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Did you know that up to one-third of cancer deaths in women are attributed to excess body weight? Director of Gynecologic Oncology Amanda Fader and oncology dietitian Mary-Eve Brown discuss the correlation between the two. Learn what you can do to reduce your risk.

Vulvar Cancer Symptoms

The signs of vulvar cancer vary depending on the type of cancer and where it starts. The most common form of vulvar cancer, squamous cell carcinoma, usually has noticeable symptoms, including:

  • An open sore that does not heal for several weeks or months
  • Bleeding or discharge that is not part of a normal menstrual period
  • Growths that look like cauliflower or genital warts
  • Itching or burning sensation
  • Noticeable lump or bump with a raw surface that feels rough
  • Pain on the outside of the vagina
  • Discoloration (skin that is lighter or darker than the skin around it, or that appears more red or pink than usual)

Symptoms of Bartholin gland carcinoma may be different than symptoms of other types of vulvar cancer. You may notice a lump near the opening of your vagina. However, this lump could be a cyst, which is not cancerous.

Vulvar Cancer Diagnosis

The best way to diagnose vulvar cancer is by having regular wellness exams with a primary care doctor or a gynecologist. During these exams, the doctor will look for common signs and symptoms of vulvar cancer and may order tests if something looks suspicious.

  • Colposcopy: During a colposcopy, a magnifying device is used to get a better look at the skin cells around the vulva to spot signs of cancer. If an area appears suspicious, a biopsy will be performed.
  • Biopsy: The vulva area is numbed and a small sample of tissue is removed and sent to a lab, where a pathologist determines if cancer is present. A biopsy is required to confirm a diagnosis of vulvar cancer.
  • Imaging: Imaging tests may be ordered if your doctor thinks your vulvar cancer may have spread to other areas of the body. Tests include CT scans, MRI or positron emission tomography (PET) scans.

Genetic Testing Aids Early Detection

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Johns Hopkins researchers are developing new detection methods for gynecologic cancers. Learn more and discover how genetic testing for these cancers is saving lives.

Vulvar Cancer Stages

Doctors use cancer staging to describe whether and how far cancer has spread. This can help them develop the best treatment plan for vulvar cancer.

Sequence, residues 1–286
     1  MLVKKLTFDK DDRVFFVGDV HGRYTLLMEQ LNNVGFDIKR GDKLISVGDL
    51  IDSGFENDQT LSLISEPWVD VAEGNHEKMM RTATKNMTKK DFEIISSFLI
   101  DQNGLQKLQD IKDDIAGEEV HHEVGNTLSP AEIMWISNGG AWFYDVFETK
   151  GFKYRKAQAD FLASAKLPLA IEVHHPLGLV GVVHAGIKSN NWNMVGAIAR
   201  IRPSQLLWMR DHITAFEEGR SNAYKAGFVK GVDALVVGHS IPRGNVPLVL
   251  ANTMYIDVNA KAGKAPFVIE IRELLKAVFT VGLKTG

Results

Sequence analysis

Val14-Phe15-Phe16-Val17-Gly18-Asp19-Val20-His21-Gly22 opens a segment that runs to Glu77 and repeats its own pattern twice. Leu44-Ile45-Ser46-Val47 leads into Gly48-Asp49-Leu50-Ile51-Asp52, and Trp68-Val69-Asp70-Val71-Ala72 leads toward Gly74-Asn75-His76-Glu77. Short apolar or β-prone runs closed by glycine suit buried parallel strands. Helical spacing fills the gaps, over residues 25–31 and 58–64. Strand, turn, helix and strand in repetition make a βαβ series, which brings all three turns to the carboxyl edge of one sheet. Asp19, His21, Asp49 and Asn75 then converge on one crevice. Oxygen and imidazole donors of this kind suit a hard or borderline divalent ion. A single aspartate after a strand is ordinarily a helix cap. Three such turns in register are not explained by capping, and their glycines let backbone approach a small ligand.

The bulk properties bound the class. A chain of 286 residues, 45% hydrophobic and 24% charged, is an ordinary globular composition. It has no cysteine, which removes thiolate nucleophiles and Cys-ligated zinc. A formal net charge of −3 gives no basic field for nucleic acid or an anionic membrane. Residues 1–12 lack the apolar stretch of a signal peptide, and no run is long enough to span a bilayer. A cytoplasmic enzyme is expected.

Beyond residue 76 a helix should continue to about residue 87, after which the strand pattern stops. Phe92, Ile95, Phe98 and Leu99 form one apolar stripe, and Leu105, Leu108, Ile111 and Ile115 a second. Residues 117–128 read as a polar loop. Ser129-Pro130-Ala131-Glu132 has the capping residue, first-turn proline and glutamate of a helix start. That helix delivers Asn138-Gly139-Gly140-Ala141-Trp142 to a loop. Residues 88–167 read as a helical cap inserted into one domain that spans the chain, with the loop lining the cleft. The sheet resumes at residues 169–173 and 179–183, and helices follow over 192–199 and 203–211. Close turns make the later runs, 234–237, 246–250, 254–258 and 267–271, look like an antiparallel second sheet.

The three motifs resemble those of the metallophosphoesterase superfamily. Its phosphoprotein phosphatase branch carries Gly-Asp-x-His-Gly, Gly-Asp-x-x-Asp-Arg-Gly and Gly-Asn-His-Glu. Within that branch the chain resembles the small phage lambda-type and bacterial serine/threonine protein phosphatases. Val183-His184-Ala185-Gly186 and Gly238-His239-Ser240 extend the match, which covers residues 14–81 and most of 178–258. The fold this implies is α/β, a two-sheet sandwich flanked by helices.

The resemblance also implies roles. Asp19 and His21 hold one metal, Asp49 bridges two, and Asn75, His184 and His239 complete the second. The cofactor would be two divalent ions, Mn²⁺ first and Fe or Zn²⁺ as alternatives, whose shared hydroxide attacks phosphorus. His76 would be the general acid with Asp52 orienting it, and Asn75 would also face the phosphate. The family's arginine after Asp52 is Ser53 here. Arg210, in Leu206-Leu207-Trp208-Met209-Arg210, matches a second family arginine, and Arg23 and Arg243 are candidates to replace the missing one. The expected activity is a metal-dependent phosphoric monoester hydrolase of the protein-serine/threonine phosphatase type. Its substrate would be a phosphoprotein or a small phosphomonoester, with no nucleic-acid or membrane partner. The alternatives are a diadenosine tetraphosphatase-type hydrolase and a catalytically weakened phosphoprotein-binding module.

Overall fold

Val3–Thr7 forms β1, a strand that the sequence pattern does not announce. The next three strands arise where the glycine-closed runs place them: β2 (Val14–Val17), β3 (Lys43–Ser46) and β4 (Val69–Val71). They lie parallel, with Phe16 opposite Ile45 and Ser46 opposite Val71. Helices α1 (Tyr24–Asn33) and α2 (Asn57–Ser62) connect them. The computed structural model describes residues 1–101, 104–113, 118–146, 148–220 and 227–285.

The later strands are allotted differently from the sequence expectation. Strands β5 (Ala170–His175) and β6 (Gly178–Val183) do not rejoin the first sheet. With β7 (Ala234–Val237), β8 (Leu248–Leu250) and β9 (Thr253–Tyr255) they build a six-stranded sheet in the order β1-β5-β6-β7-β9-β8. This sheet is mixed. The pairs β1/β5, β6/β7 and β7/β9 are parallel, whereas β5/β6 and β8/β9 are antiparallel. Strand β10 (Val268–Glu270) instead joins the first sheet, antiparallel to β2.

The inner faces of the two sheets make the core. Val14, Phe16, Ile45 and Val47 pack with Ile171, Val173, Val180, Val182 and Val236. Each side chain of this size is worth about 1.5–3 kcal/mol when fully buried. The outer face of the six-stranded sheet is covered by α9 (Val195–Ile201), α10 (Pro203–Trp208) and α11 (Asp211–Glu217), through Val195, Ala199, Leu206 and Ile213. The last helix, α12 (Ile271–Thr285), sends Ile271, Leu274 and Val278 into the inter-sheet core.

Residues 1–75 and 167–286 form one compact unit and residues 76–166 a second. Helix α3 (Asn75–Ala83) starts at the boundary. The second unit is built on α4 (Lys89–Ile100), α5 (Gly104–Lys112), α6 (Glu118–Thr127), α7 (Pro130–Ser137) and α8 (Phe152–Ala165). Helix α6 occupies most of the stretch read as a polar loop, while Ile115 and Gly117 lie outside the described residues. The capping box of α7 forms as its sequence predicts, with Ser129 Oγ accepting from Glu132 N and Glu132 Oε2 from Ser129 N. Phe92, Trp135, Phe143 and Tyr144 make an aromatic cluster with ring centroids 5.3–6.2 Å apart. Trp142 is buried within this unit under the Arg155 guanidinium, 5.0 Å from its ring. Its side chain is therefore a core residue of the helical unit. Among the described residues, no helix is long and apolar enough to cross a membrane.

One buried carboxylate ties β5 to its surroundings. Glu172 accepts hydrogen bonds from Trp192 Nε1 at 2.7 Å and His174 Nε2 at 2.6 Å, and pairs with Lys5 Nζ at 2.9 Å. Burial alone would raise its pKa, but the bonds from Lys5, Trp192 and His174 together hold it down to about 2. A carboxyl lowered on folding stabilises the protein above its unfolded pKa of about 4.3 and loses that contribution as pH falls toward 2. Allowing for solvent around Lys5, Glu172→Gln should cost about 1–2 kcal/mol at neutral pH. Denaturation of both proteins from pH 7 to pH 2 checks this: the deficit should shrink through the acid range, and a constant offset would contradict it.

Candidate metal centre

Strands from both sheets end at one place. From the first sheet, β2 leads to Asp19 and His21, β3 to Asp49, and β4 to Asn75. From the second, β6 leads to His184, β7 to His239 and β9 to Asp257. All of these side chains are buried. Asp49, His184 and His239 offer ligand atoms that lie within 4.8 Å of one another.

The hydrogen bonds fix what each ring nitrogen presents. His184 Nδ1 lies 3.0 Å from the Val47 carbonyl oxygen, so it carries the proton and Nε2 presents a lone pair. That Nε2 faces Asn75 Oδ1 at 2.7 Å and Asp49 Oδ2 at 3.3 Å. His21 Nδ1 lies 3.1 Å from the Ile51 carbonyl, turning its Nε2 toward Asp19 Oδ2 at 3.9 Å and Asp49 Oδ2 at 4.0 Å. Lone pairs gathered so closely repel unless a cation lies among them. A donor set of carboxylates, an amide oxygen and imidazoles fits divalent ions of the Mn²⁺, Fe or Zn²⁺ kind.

• Stage 1: The cancer is confined to the vulva.
  • Stage 2: Cancer has spread to the lower part of the vagina, the urethra (a small tube that connects to the bladder) or the anus.
  • Stage 3: Cancer has spread to the upper urethra, vagina, bladder or rectal mucosa, or to nearby lymph nodes.
  • Stage 4: Advanced stage vulvar cancer is fixed to bone and has ulcerated lymph nodes or distant metastases. It may have also spread to distant lymph nodes or other parts of the body.

Vulvar Cancer Treatment

The following are among the most common treatments for vulvar cancer.

  • Surgery: This is done to remove the lesion from the vulva. It can include a simple, wide local excision or removal of a larger portion of the vulva, depending on the lesion’s location and size. The surgeon also takes out some healthy cells around the cancer to help be sure that all of the cancerous cells are removed.
  • Lymph node biopsy: It is important to determine if the cancer has spread to the lymph nodes. For very early vulvar cancers, lymph node removal is not required, but for any tumor that is bigger than 2 centimeters or that has a depth of invasion greater than 1 millimeter, surgical assessment of lymph nodes either through sentinel lymph node biopsy or complete lymphadenectomy is required.
  • Radiation therapy: High-powered energy beams are directed at the tumor to kill cancer cells or shrink a tumor before surgery.
  • Chemotherapy: Medication kills cancer cells that have spread to other areas of the body. Your oncologist may recommend chemotherapy alone or in combination with radiation and other treatments.
  • Immunotherapy: Drugs activate your body’s natural immune system to find and destroy cancer cells.

Vulvar Cancer Prognosis

The prognosis for vulvar cancer varies, depending on how far cancer has spread. Five-year survival rates for vulvar cancer are:

  • 86% when cancer is only in the vulva and it has not spread to lymph nodes or local (nearby) tissues
  • 53% when cancer cells have spread to nearby lymph nodes, but not to other parts of the body
  • 19% when the cancer has spread (metastasized) to distant organs or lymph nodes